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Diaphragmatic hernia

Refers to a birth defect in which there is an abnormal opening in the diaphragm.

Congenital diaphragmatic hernia occurs in 1 in 2500 births.

The diaphragm is the muscle between the chest and abdomen that helps breathing.

The opening allows the stomach, spleen, liver, and intestines to go up into the chest cavity near the lungs.

It is a rare defect that occurs in uterine, and the abdominal organs, such as the stomach, small intestine, spleen, part of the liver, and the kidney, may take up part of the chest cavity.

It may prevent the lung from growing normally.

More common on the left side of the chest.

The risk increases with familial involvement.

Severe breathing problems almost always develop shortly after birth, due to poor movement of the diaphragm muscle crowding of the lung tissue.

Other symptoms include:cyanosis, tachypnea, and tachycardia,

The pregnant mother may have a large amount of amniotic fluid.

Fetal ultrasound may show abdominal organs in the chest cavity.

Clinical exam of the infant shows:

Irregular chest movements

Lack of breath sounds on side with the hernia

Bowel sounds that are heard in the chest

Abdomen that feels less full when touched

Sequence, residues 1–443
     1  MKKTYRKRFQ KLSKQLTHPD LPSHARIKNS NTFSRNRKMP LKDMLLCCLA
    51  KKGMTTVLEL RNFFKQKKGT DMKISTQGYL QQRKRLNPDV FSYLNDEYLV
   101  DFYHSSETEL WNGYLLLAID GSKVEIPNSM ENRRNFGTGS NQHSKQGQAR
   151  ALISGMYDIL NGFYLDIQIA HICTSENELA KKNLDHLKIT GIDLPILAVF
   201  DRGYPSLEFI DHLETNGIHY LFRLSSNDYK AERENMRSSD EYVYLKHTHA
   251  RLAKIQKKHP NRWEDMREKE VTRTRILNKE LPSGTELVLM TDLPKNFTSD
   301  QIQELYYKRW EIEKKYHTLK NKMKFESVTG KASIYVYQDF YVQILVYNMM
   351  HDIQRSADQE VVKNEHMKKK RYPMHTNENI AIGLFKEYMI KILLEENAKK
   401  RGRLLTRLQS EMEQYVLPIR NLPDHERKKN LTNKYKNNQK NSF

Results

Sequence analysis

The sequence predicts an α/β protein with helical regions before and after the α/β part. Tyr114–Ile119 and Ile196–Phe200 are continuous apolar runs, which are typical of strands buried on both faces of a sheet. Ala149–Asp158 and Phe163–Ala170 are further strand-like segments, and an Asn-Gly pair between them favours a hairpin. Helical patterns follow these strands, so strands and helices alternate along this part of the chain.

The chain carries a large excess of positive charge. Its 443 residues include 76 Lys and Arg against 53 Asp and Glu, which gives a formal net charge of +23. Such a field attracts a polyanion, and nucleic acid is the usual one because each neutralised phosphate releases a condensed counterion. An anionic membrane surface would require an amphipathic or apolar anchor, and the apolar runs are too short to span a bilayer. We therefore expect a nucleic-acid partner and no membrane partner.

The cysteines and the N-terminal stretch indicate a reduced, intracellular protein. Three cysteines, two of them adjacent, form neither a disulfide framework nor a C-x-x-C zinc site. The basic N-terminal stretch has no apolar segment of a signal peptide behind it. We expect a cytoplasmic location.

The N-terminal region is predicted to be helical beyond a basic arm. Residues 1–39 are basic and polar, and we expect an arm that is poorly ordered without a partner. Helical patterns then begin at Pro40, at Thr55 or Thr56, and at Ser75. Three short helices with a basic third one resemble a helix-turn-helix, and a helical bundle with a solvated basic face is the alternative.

A chest x-ray may show abdominal organs in chest cavity.

Hypoplastic lungs precipitate respiratory insufficiency and persistent pulmonary hypertension, which cannot be resolved alone by surgical closure of the compromised diaphragm.

A diaphragmatic hernia repair is an emergency that requires surgery to place the abdominal organs into the proper position and repair the opening in the diaphragm.

If diagnosed during pregnancy fetal surgery may be an option.

Presently 4 out of 5 infants with this condition to survive.

Perinatal management carries a 30% mortality risk in congenital diaphragmatic hernia largely due to herniation of abdominal viscera during the development of the fetus, comprising lung development.

Survivors experience significant musculoskeletal, neurodevelopmental, and nutritional morbidities

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